An HVAC system is designed to keep a home cool in the heat of summer and warm in the cold of winter. Most systems are comprised of two units: the air handler on the inside of the home and the compressor which is located on the outside.
Some homeowners fear that using their HVAC system during rainy and wet weather can damage the system. While there are some precautions, most homeowners can use their heating and cooling system without worry, come rain or shine.
Though rain itself will not damage the external components of an air conditioner, flooding will. If water pools around the base of the compressor, it can cause the coils to become corroded or lead to electrical shortages. Also, it can prompt the fan motor to short out and cause the unit to overheat.
The best way to prevent this issue is to ensure the external unit is elevated in an area where there is little flooding potential and to avoid using the system if a flood is likely to occur.
Severe Storm Damage
Severe thunderstorms come with more than just rain. High winds, hail and lightning can accompany the worst storms. While winds themselves will not harm external HVAC components, downed tree limbs and blowing debris can cause external damage or harm the condenser coils located near the outside of the machine.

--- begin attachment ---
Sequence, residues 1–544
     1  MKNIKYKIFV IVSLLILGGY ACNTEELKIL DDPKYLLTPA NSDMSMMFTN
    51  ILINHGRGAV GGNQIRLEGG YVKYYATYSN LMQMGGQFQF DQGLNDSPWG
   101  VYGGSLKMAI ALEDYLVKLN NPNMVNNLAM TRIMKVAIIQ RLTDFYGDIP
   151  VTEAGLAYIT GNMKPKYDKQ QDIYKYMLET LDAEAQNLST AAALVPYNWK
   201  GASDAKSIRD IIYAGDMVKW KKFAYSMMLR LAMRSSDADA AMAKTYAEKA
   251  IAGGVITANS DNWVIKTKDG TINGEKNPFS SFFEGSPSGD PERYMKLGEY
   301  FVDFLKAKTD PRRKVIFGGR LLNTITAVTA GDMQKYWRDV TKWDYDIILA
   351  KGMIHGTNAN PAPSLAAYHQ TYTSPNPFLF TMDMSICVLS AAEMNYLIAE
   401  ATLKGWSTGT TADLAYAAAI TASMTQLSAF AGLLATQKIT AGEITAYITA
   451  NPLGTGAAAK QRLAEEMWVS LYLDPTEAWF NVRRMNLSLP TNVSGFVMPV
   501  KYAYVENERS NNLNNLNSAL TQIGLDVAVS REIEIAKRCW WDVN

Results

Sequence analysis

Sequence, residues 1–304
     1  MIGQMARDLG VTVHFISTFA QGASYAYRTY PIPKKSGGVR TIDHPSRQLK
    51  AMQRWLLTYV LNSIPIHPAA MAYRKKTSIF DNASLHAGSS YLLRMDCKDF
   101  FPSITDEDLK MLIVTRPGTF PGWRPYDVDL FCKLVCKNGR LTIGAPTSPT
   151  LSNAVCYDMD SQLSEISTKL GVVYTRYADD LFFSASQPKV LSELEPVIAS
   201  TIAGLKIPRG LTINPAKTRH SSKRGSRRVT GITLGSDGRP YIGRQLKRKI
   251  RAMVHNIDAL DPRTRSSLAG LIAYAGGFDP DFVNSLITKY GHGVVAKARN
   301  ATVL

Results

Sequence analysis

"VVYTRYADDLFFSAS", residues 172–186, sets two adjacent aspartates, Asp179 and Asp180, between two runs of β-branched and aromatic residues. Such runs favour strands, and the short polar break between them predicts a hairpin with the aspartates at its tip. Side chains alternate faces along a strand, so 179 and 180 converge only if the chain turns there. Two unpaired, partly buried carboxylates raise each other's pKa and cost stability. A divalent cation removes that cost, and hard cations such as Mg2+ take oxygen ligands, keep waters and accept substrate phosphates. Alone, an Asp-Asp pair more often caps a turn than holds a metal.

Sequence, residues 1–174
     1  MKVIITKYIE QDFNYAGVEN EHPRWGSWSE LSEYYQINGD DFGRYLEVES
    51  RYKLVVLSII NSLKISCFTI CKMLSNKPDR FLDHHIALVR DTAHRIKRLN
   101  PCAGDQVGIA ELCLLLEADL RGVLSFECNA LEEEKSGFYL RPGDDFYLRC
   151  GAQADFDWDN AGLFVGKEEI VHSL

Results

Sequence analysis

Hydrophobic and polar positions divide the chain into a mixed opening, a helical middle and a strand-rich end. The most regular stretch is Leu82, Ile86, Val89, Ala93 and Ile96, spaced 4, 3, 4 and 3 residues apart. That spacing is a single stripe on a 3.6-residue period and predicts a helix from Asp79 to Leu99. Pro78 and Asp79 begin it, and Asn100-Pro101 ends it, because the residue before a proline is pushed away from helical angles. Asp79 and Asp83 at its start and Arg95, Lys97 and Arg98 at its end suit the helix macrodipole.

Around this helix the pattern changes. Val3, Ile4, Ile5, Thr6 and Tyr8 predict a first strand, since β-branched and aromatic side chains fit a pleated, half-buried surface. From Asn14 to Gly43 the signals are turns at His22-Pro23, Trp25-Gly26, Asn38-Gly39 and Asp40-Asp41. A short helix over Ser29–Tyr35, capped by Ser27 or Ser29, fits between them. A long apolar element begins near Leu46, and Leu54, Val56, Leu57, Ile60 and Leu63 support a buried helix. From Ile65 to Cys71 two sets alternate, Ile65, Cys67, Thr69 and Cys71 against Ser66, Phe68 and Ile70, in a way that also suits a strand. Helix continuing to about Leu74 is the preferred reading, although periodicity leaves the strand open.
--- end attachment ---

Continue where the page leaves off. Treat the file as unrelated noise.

Lightning is also a significant threat to A/C systems. Just one strike will likely cause a unit to burn out instantly or lead to power surges that could burn out the motor.
Many air conditioners also work as heat pumps and provide a reliable way to keep a home comfortable during winter weather. If snow is left to accumulate on the top of the unit, it can cause your heating system to stop working properly or run on inefficient heat coils.
The best defense against this widespread problem is to remove snow before it has a chance to stick, or place a cover over the unit to prevent accumulation without restricting the flow of air from the cooling fan.
Off Season Precautions
Most homeowners are surprised to learn that the most harmful thing for an air conditioning system is long dormant periods. When the unit operates, the internal fan helps to keep the machine’s components stay dry and cool. If this fan does not have the opportunity to run, it can lead to a buildup of moisture and cause the internal components to rust. This can lead to a seized motor or a compressor system that leaks, and will leave the unit unusable until repairs can be made.
While many things can damage an air conditioner, standard rainfall is not one of them. There are several precautions a homeowner can take to keep these issues at bay and allow an air conditioning and heating system to provide years of reliable service – no matter what Mother Nature may have in store.